Citizenship by Investment Funds Sports Development in St Kitts and Nevis

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NEWS PROVIDED BYCS Global Partners 

Jul 20, 2020, 15:55 ET


LONDON, July 20, 2020 /PRNewswire/ — Sports in the Federation of St Kitts and Nevis is developing thanks to the country’s Citizenship by Investment (CBI) Programme. This is according to Prime Minister Dr the Hon Timothy Harris who was a guest on last week’s webinar from Khaleej Times, in collaboration with CS Global Partners. He argued that developing sports is important for the region.

Speaking of CBI-sponsored initiatives, PM Harris gave the example of the international athletic track on the island of Nevis. He explained how CBI contributed towards developing tourism through the construction of a second cruise pier. He said that CBI sponsors programmes in both the private and public sector.

“If we were to look at sports development – and sports development is critical to us within the region – we have invested, for example, in the international athletic track in the sister island of Nevis,” PM Harris said. “We have invested in health services and expanded delivery of healthcare in the sister island of Nevis, and certainly on St Kitts too […] We have been able to support training programmes to prepare thousands of our people for real work opportunities when they would arise,” he added.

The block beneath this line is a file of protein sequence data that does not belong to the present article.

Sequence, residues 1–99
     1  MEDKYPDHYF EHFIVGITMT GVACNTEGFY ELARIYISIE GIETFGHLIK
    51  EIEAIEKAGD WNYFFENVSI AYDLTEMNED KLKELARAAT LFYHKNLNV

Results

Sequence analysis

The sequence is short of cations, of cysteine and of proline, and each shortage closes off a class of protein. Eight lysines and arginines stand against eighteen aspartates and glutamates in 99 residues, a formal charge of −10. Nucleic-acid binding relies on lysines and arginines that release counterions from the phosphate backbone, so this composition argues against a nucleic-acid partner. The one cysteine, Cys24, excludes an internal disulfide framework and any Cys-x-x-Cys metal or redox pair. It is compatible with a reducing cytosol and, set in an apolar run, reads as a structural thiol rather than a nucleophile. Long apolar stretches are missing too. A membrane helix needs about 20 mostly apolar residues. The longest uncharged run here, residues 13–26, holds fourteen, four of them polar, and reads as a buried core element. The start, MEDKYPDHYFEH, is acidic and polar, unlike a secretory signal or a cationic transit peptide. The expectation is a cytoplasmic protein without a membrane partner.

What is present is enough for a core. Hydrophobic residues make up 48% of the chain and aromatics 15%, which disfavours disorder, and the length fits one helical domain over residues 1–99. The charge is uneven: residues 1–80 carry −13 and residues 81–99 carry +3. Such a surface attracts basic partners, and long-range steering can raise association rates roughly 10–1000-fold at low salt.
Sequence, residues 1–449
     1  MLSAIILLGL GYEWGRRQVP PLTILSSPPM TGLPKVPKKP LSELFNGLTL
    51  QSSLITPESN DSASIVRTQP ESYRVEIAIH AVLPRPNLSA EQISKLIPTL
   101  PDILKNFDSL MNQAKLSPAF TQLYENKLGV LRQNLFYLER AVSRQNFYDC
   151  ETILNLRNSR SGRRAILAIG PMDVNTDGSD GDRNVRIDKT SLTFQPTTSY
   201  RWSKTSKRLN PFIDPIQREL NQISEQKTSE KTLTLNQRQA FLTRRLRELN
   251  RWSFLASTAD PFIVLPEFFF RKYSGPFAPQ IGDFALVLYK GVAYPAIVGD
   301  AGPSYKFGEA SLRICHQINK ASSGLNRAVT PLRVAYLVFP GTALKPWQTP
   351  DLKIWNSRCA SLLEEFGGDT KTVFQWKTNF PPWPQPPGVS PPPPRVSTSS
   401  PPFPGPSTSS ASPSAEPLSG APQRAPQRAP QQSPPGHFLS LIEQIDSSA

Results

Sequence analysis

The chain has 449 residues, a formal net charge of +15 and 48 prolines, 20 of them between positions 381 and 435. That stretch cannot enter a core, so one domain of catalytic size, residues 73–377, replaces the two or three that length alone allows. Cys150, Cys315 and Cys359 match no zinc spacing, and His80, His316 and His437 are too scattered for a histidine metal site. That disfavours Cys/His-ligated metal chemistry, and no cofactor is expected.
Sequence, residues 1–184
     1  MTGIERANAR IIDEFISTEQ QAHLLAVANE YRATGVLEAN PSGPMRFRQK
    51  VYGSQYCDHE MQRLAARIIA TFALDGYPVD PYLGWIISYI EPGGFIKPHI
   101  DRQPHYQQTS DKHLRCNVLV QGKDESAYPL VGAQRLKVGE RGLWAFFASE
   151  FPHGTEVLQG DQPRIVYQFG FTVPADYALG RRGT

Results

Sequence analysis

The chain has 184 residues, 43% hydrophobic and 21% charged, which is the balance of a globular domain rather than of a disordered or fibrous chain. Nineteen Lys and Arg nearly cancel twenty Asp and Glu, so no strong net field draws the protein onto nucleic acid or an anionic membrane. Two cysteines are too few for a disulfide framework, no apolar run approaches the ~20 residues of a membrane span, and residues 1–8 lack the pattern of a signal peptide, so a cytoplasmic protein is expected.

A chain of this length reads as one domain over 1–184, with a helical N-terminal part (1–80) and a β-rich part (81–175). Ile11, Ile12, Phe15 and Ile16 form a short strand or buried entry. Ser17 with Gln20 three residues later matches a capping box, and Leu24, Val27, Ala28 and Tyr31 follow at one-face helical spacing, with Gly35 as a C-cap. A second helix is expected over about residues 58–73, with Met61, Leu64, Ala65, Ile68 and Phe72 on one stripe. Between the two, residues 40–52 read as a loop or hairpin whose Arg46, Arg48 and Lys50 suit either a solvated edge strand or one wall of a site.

St Kitts and Nevis established the CBI Programme in 1984, a year after gaining independence from the UK. “We became an independent nation, and therefore we had to face all the challenges of development, basically using our own ingenuity, industry and resources,” PM Harris explained. “Developing a small state is never easy, because you start with the restriction in size – size of population, physical geography. All those things can strain the level and pace of development. So when we engineered the Citizenship by Investment Programme, it was intended to create an alternative pathway for growth and development.”

Today, CBI makes up to 35% of the government revenue. While citizenship hopefuls need not reside, visit, or know the English language or local culture, they do need to pass some of the toughest due diligence checks. Once successful, they can contribute US$150,000 to a government fund, which remains the fastest and safest route to second citizenship. This gives lifetime rights to live, work and study in the country, and access to high-quality healthcare and education. They can also travel to over 150 destinations without a pre-departure visa, a list that Foreign Minister Mark Brantley keeps adding to.

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